Everly Breen

Nothing can prepare you for the sight of your newborn baby lying limp with tubes and wires coming from an open incision in her chest. No one knows this better than Kaitlin Porter and Joel Breen of Lochaber, Nova Scotia, near Antigonish. Kaitlin and Joel’s second daughter, Everly, was born with several serious congenital defects of the heart and required emergency lifesaving surgery at the IWK Health Centre just days after her birth.

“She was doing so well her first day,” Kaitlin recalls. “She was breastfeeding, alert and bright, but the next day when I went to the neonatal intensive care unit to feed her, she was fussy and lethargic. I got a call just before midnight that night that she would have to have surgery the next day, if she made it through the night. And my whole world came crumbling down.”

This was not the first time Kaitlin and Joel and their families had felt the shock of some very unexpected bad news. They faced the same kind of terror the day after the 20-week prenatal ultrasound that revealed some of the problems with Everly’s very special heart.

“I got a call from our family doctor shortly after the ultrasound, asking us to come in to discuss the results the next day,” Kaitlin says. “My mind was racing, I couldn’t imagine what the doctor would have to say. The next day, she told us there was something wrong with the baby’s heart, and my world came crashing down.”

Two weeks later, Kaitlin and Joel made the trip to the IWK for a more detailed examination of the baby’s heart using ECHO technology. As the cardiologist, Dr. Santokh Dhillon, described the defects in Everly’s heart, the couple became increasingly dismayed.

First they learned that the baby’s aorta and pulmonary artery were each connecting to the wrong ventricle, a condition known as transposition of the great arteries that interferes with proper blood flow. There was also a ventricular-septal defect, which meant that part of the wall of tissue that separates the two lower chambers of the heart was missing, making one single chamber.

A second ECHO, at 32 weeks, found another problem. One of the valves in the heart was not working properly. If not repaired once the baby was born, the leaking valve would force the heart to work too hard and lead to heart failure.

It was a seemingly bleak scenario, but Dr. Dhillon reassured the parents that surgery would correct the problems.

At 37 weeks, Kaitlin re-located to Halifax to be close to the IWK “just in case.” She went into labour the next day and Everly was born by planned caesarean section. Two days later Everly had her first surgery, an emergency procedure to correct a newly diagnosed problem called PDA (patent ductus arteriosus). This is when the hole in the aorta that is there during pregnancy to allow the baby’s blood to skip the trip to the lungs for oxygen does not close quickly enough after the birth. Because Everly’s heart was already compromised in other ways, the PDA was very dangerous for her.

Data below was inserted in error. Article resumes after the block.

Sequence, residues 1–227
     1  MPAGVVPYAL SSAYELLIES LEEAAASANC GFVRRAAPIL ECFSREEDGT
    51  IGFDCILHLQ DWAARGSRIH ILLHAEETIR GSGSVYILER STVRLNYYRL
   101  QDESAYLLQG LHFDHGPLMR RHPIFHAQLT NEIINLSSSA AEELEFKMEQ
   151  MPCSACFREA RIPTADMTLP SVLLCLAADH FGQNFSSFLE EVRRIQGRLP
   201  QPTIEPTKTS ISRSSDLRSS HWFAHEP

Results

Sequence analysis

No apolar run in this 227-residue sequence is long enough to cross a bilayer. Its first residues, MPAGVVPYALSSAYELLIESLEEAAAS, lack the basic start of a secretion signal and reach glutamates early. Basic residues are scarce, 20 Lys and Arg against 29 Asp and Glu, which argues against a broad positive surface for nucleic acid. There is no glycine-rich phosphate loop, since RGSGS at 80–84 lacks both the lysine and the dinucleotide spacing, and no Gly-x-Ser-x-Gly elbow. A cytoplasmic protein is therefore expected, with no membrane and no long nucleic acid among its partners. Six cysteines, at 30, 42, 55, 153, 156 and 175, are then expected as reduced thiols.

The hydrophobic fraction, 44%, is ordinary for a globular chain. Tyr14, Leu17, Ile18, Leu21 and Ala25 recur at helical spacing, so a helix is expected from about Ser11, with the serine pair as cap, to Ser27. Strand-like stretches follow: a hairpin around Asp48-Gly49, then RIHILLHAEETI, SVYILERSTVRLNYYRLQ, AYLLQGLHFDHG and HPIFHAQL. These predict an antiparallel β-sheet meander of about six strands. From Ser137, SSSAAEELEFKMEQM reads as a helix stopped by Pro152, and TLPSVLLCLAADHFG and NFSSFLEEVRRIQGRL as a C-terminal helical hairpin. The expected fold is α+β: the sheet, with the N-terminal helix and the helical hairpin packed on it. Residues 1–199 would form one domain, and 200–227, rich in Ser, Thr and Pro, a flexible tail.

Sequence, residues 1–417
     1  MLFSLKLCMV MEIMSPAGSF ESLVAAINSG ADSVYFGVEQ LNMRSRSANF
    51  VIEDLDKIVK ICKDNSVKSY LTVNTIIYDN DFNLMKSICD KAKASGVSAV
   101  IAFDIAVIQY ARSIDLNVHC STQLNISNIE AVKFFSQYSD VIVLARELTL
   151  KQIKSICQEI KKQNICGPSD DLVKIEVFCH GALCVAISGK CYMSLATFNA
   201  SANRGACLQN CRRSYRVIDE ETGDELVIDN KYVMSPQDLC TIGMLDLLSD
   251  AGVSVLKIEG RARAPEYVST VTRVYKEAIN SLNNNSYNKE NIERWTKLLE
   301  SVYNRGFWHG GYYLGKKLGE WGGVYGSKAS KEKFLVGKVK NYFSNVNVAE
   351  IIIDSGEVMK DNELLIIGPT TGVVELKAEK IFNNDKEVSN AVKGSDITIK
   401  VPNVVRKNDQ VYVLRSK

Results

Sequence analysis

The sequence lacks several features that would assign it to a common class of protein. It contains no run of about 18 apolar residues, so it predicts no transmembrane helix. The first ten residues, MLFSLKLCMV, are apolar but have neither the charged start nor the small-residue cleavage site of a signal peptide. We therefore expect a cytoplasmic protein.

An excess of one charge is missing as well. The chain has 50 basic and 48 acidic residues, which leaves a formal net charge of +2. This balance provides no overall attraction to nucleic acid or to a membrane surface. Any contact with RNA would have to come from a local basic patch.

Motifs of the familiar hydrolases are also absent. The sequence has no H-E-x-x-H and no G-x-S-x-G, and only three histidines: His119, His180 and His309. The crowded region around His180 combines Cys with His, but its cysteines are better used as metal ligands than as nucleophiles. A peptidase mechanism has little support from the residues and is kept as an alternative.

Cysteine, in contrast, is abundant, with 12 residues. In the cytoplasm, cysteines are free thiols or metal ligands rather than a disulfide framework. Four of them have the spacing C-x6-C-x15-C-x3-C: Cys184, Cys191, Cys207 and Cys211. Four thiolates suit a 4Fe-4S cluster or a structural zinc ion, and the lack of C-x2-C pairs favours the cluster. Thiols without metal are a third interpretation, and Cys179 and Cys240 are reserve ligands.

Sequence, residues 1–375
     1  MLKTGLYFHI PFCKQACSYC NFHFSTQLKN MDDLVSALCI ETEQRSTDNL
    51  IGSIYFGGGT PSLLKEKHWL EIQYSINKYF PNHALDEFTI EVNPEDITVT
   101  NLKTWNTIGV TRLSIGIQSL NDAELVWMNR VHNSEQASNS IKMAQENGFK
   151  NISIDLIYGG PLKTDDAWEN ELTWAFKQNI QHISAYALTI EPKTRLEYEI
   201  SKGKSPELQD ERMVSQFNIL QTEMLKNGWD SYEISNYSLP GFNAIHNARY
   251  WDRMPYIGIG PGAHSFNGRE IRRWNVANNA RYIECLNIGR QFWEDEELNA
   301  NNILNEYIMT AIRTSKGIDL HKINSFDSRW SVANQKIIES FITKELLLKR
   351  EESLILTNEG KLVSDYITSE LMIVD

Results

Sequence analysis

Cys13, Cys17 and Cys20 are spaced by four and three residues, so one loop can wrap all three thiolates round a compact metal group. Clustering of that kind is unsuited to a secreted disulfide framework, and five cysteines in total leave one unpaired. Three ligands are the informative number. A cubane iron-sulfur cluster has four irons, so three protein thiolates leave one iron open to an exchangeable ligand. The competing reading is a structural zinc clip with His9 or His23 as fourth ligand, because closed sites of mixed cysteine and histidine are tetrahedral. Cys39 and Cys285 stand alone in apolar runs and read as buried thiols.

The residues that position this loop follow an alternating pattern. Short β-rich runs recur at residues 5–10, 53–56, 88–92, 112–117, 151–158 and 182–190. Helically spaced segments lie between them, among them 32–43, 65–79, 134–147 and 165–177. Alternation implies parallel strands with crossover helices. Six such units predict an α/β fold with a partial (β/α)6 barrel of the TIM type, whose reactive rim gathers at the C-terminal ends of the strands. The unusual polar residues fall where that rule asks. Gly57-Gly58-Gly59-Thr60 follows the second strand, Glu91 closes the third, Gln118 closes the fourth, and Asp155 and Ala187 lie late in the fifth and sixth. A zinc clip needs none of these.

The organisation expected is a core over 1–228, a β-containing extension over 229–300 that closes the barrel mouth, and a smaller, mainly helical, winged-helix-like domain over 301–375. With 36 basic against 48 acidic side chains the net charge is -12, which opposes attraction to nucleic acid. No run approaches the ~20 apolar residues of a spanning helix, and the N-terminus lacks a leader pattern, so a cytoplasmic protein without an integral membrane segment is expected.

Fortunately for Everly, her parents, her big sister Ashlyn, grandparents and extended family, the procedure went perfectly. Everly is doing well and her doctors are now watching and waiting to give her as much time as possible to grow and get stronger before she needs the big operation to correct the transposition of the great arteries. This may also correct the leaking valve.  In the meantime, Everly is on medication for high blood pressure and heart failure while she is waiting for the next operation.

“It’s a shock to encounter such serious problems with a baby, especially when our first child is so healthy,” Kaitlin says. “We’ve been surprised to learn that one in 100 babies is born with a congenital heart defect.”

Kaitlin and Joel are now working to raise awareness of congenital heart disease as well as money for heart research. They’ve thrown their support behind Dalhousie Medical Research Foundation’s 2019 Spring Molly Appeal, which is raising money to support a biobank that Dalhousie medical researchers will use to learn more about heart failure and other forms of heart disease.

“We will store clinical information and tissue samples from heart failure patients in the biobank,” says Dr. Thomas Pulinilkunnil, a researcher at Dalhousie Medicine New Brunswick who studies metabolic disorders and heart disease. “Information we collect about patients with congenital heart defects can help us create zebrafish models of infant heart failure, which can be used to learn more about heart failure in infants and how best to control it.”

No cause is known for the kind of heart defects that Everly was born with—although thankfully research has led to successful surgical methods of repairing them. “Everly’s heart was the size of a walnut when the first surgery was done,” Kaitlin says. “Heart disease and heart failure are not just diseases of people over 60, they affect people of all ages. We’re happy to support the Molly Appeal in helping researchers in the Maritimes lead the way to new treatments and cures.”


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